Beth's posting reminds me that we haven't announced it here: an incomplete, though (somewhat) operational archive is now available at:

http://www.info-arch.org/hypermail/sigia-l/

:-)

Posted by Lou at December 19, 2001 3:08 AM

The main problem that I have had with other mailing list archives is arriving mid-thread from a search engine - it is generally not common to have good navigation.Its difficult to tell where the thread startsDoes the thread progress up or down?does the previous/next button jump between posts or threads?replies with quotes often confuse the overall narrative and make it difficult to see where the discussion has branched or combined.This can be solved with clearer labelling and an information design that supports the narrative aspects of the discussion. At the end of each post a summary of other posts should lead readers to the next relevant post, or allow a jump to the beginning of the thread. Perhaps mid-posts should not be indexed, but a summary at the start of the thread would be indexed by the search engines... At the least I think that the posts will need some editing, to filter confusing quoting - there is no substitute for hard work by humans hands...

Posted by Timo at December 31, 2001 12:27 PM

Since the archive doesn't seem to be up yet - all the links redirect back to the same page, how about following the worse is better philosophy and:

1. Create a Yahoo! group, e.g. sigia-l

2. Subscribe the group's e-mail address to the list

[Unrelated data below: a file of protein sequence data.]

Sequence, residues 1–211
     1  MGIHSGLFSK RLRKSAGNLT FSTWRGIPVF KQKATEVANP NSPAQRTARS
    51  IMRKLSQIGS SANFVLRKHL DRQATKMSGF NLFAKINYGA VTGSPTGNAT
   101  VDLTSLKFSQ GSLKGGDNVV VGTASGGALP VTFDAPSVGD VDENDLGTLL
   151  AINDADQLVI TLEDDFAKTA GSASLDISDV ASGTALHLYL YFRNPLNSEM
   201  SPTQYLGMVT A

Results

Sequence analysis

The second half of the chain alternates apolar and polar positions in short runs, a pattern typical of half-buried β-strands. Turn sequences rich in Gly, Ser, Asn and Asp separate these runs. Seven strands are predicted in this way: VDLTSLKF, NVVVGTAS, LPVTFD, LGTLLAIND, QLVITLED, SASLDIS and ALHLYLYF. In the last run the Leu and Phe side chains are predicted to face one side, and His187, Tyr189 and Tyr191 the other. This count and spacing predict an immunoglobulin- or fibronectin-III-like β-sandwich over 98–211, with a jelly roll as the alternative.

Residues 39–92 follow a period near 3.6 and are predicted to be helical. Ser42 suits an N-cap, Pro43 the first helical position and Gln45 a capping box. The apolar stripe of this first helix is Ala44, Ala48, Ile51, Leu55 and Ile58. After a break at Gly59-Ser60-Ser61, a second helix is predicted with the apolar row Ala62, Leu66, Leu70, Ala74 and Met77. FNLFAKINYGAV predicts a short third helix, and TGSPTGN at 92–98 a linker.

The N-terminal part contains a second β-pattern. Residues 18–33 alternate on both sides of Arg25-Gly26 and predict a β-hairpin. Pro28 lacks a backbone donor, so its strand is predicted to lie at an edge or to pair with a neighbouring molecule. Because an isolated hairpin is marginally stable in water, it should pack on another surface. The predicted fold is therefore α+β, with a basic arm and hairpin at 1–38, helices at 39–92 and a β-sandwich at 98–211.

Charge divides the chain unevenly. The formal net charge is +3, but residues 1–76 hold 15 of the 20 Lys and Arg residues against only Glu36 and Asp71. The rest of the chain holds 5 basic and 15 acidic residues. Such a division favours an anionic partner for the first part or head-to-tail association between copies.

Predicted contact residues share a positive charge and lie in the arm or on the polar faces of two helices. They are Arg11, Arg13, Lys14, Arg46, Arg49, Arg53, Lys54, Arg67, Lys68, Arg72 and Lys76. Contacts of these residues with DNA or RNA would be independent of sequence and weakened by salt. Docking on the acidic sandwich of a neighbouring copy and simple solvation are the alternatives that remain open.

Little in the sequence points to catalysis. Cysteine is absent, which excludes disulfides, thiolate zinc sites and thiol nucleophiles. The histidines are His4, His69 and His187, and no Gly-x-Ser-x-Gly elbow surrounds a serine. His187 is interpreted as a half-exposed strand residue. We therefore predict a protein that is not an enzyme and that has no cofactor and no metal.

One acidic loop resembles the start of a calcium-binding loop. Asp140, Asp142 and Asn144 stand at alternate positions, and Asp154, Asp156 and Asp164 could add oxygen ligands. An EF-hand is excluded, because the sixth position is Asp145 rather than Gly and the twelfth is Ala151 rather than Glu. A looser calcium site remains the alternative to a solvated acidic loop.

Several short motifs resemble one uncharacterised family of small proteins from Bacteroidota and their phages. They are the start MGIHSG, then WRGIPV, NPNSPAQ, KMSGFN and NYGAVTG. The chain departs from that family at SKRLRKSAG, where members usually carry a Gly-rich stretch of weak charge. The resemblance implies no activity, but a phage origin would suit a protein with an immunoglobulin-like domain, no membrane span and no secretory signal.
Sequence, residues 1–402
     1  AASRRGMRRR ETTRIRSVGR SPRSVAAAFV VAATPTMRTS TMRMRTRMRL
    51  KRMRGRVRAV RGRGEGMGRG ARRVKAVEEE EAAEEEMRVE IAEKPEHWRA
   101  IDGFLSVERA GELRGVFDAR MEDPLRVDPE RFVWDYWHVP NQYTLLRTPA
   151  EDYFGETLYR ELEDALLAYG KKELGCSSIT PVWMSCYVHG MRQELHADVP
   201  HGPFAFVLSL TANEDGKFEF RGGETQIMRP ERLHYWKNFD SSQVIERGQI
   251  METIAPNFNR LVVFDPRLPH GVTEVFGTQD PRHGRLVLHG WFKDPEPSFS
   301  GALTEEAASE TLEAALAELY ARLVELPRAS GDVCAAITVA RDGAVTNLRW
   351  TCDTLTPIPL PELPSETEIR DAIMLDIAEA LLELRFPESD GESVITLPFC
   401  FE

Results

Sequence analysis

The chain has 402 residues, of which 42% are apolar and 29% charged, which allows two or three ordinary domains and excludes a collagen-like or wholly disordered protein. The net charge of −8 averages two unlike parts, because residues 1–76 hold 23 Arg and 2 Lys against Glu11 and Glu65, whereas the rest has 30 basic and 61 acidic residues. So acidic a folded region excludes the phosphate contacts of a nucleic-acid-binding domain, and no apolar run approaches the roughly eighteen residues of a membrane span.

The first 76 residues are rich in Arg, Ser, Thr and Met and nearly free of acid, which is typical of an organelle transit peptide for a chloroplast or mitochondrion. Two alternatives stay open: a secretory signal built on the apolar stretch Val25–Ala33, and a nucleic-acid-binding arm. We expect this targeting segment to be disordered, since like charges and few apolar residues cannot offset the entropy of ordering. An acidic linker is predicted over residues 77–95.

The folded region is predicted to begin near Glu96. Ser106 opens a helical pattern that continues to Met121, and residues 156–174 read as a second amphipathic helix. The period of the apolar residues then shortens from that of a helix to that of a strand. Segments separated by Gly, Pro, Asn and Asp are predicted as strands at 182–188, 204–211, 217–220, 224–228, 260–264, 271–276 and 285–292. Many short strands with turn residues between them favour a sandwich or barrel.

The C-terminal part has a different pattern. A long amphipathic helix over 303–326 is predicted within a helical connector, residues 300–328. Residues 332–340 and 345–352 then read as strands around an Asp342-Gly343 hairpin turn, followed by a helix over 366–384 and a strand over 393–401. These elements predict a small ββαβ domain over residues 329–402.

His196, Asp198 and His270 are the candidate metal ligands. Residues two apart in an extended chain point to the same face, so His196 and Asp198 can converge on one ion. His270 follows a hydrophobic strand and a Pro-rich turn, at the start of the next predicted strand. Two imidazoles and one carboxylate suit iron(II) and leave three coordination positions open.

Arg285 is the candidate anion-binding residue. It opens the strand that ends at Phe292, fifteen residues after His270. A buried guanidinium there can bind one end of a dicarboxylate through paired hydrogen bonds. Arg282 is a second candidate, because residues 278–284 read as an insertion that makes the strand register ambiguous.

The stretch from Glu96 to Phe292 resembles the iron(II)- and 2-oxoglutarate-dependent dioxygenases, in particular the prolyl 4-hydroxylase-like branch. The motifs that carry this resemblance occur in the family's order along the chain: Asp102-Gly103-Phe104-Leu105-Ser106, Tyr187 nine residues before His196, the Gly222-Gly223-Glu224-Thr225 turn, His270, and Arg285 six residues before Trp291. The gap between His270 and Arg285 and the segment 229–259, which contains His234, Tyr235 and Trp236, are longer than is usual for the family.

That'll get most basic requirements met.

Posted by David Carter-Tod at January 24, 2002 10:10 PM

Since the archive doesn't seem to be up yet - all the links redirect back to the same page, how about following the worse is better philosophy and:

1. Create a Yahoo! group, e.g. sigia-l

2. Subscribe the group's e-mail address to the list

That'll get most basic requirements met.

Posted by David Carter-Tod at January 24, 2002 10:10 PM

The archives were temporarily offline due to a minor coding error. The archives now work:

http://www.info-arch.org/lists/sigia-l/

Posted by Eric Scheid at January 28, 2002 3:23 AM

Can someone put a link to the mail archives on the home page of info-arch.org? I hate having to search this page to find the link to the archives whenever I want it.

Posted by Andrew at March 8, 2002 1:22 PM

For the record, just how many messages are there in the archive? There are non-local search options available such as Atomz, although they are only free up to a certain size. It doesn't take very much to set them up at all.

Posted by Eric Scheid at April 1, 2002 12:08 PM

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Posted by paxil at December 30, 2003 8:59 AM